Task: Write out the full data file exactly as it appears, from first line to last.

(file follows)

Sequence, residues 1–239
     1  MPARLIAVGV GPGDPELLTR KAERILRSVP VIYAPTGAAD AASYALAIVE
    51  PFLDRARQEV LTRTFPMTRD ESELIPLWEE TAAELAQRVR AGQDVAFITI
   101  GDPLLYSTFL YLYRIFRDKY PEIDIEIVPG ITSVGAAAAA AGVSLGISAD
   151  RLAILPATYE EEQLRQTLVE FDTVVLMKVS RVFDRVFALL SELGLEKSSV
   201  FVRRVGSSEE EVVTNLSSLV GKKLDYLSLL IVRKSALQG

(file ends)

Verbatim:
Sequence, residues 1–239
     1  MPARLIAVGV GPGDPELLTR KAERILRSVP VIYAPTGAAD AASYALAIVE
    51  PFLDRARQEV LTRTFPMTRD ESELIPLWEE TAAELAQRVR AGQDVAFITI
   101  GDPLLYSTFL YLYRIFRDKY PEIDIEIVPG ITSVGAAAAA AGVSLGISAD
   151  RLAILPATYE EEQLRQTLVE FDTVVLMKVS RVFDRVFALL SELGLEKSSV
   201  FVRRVGSSEE EVVTNLSSLV GKKLDYLSLL IVRKSALQG